Steve Scalise
A Capitol Police officer stands guard in front of the Capitol Building after Rep. Steve Scalise was shot in Washington, D.C., June 14, 2017. Getty Images/Mark Wilson

Both Republican and Democratic lawmakers are receiving death threats after the House of Representatives Majority Whip Steve Scalise was shot at during a congressional baseball practice Wednesday.

During a security briefing, California lawmaker Nanette Diaz Barragán said Democratic representatives have been receiving threatening calls on their personal mobile phones, with the caller saying, “You guys are next,” and “You Democrats, you Democrats,” Buzzfeed reported. The threats came shortly after Scalise was admitted to the hospital with fatal injuries.

Claudia Tenney, a Republican representative from New York, received an email with the subject line, “One down, 216 to go…” The email further stated: "Did you NOT expect this? When you take away lives of the ordinary people in order to pay off the wealthiest among us, your own lives are forfeit. Certainly, your souls and morality were lost long before. Good riddance.”

The gunman who was responsible for fatally injuring Scalise and wounding three other lawmakers has not been ruled as a part of any organized gang by the FBI. Tim Slater, a special agent of the FBI, said it is still early to state anything affirmatively when asked whether the gunman made an attempt to assassinate Scalise, the New York Times reported. The investigators were “exploring all angles,” he said.

Read: Who's To Blame For Scalise Shooting? Kathy Griffin Is Guilty, Some Twitter Users Say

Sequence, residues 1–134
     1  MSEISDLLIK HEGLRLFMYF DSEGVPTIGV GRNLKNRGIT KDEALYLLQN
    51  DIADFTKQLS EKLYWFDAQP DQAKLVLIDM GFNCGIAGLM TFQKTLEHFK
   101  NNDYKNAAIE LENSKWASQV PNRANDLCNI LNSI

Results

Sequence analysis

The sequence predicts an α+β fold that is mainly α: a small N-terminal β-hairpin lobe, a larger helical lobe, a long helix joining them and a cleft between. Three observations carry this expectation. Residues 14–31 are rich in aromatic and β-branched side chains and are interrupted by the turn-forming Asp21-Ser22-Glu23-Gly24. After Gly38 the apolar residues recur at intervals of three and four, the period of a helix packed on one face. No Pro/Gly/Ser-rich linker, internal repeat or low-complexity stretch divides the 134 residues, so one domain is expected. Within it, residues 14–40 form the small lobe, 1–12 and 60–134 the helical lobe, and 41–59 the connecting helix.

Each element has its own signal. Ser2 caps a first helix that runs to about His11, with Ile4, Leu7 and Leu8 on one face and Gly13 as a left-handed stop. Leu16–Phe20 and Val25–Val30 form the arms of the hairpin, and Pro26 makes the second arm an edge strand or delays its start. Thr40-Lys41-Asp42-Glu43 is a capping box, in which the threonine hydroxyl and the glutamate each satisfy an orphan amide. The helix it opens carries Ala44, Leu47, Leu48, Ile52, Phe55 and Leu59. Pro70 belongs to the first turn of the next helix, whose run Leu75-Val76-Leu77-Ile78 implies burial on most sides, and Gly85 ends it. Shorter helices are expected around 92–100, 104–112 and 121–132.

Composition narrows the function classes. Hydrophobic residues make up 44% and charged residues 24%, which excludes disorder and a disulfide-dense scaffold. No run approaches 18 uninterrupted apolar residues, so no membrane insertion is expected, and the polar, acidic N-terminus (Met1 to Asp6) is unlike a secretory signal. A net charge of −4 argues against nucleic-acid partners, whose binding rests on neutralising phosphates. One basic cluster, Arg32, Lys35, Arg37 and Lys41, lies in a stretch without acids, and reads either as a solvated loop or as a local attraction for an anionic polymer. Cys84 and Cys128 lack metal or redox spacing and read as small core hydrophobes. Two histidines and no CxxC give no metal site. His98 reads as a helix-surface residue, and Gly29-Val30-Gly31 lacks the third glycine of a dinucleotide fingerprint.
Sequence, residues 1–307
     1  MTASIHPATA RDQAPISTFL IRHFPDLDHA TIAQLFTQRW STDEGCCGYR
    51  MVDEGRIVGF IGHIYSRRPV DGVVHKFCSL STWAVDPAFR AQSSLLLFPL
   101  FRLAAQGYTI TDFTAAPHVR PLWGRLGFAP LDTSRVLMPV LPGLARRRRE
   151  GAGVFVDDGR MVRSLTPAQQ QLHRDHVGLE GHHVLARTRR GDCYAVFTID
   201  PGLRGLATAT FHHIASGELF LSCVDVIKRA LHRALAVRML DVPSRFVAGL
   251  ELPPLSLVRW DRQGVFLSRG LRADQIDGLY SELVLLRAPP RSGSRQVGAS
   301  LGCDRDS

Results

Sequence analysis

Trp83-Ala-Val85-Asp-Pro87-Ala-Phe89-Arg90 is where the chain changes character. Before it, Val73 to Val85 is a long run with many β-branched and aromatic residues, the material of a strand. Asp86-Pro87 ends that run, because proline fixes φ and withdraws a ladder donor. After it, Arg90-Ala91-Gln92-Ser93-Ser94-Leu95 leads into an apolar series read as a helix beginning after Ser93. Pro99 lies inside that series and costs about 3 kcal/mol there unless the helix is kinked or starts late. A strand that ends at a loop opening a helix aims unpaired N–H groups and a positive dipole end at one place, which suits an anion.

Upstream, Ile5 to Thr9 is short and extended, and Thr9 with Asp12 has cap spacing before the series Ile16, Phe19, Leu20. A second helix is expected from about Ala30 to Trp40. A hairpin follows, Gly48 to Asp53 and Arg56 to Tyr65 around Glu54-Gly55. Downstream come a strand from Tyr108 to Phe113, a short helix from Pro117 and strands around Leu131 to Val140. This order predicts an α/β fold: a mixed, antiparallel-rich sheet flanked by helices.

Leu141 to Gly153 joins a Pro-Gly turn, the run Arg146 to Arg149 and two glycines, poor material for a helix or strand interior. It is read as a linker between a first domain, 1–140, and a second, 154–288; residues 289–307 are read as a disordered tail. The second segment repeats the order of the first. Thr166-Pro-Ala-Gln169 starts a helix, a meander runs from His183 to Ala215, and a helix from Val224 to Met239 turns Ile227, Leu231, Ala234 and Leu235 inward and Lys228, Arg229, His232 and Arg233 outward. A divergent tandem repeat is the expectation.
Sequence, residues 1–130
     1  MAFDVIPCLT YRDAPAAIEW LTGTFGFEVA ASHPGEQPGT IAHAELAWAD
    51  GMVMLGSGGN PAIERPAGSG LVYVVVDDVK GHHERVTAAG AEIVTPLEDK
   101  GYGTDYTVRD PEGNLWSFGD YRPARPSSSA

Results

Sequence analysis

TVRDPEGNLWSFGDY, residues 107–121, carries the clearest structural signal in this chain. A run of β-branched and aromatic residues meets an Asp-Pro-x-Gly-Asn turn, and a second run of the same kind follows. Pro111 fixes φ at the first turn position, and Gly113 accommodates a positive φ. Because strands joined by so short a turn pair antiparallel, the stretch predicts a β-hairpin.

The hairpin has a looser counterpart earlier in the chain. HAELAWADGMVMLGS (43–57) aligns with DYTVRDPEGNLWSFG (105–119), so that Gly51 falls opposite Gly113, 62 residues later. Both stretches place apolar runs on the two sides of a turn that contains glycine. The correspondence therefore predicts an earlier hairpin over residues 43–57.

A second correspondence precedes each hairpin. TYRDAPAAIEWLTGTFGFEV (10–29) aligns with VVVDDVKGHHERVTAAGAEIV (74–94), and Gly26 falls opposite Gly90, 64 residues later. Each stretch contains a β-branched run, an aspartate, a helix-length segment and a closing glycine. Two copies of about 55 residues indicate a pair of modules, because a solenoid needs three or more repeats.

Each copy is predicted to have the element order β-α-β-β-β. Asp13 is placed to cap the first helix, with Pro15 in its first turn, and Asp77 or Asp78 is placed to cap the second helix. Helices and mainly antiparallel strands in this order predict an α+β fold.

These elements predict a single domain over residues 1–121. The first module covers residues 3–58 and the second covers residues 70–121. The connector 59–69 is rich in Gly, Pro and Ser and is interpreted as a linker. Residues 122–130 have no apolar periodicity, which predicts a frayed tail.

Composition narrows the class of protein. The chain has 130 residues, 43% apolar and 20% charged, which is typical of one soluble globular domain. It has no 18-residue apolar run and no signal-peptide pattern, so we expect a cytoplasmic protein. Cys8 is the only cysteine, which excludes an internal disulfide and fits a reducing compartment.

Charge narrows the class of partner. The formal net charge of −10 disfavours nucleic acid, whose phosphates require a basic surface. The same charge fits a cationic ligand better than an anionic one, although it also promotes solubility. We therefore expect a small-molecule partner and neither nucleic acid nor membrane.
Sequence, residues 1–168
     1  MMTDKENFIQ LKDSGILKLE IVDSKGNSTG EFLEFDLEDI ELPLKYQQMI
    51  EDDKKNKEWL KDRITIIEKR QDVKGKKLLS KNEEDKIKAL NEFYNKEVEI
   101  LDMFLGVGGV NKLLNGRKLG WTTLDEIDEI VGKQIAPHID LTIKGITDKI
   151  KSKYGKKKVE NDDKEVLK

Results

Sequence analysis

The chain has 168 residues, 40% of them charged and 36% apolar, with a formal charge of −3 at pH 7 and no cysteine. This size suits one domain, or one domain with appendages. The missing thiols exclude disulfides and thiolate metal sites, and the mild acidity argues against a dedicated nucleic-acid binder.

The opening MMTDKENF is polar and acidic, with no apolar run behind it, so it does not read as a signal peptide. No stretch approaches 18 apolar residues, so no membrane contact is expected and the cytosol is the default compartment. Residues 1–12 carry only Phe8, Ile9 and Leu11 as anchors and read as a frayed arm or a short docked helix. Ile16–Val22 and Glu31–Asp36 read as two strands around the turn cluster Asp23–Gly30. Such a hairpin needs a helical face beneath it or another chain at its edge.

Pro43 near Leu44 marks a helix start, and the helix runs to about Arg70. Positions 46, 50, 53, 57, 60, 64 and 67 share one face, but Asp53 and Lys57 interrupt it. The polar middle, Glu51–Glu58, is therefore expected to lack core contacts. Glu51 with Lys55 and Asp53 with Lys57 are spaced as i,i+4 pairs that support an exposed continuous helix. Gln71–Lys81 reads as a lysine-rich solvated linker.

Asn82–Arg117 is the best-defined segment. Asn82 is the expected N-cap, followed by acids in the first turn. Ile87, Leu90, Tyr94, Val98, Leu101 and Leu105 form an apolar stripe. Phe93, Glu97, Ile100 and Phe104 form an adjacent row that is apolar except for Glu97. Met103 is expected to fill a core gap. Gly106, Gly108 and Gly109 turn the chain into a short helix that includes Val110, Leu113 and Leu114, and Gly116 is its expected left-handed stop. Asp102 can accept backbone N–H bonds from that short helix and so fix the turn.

After the shooting, several lawmakers from both ends of the political aisles came forward and voiced their concerns, which they had apparently raised before the attack too. Republicans and Democrats, including Chairman of the Congressional Black Caucus, Cedric Richmond had raised the topic in front of the House of Representatives Speaker Paul Ryan, a week prior to the Scalise’s shooting.

House Democrat Leader Nancy Pelosi stated that in the recent years her security concerns have grown considerably. "In more recent years, I have been praying … for our safety. I’m a political target and therefore the target of more threats than anyone, other than the President of the United States," said Pelosi, USA Today reported.

Although the lawmakers discussed their security concerns with Ryan, he reportedly said that he will not be able to take any action to address the issue.

Read: Why Was Steve Scalise Shot? Possible Motive, His Stance On Gun Rights And Second Amendment

While on one hand, the congressional office budgets are often too low to afford secure spaces for holding official meetings, it was also impractical to assign a security detail to every member of Congress. In most offices where congressional meetings are held rarely, have multiple entry and exit points, and buffer areas between public waiting rooms and back offices, according to the USA Today report.

However, lawmakers believe Scalise's shooting will act as an eye-opener for the need to have increased security outside offices. Sergeant at Arms of the House, Paul Irving, has already begun pushing for a boost of about $2 million in the congressional budget for increased security of the Congress members when meetings are held away from the Capitol in their district offices or elsewhere, Bloomberg reported.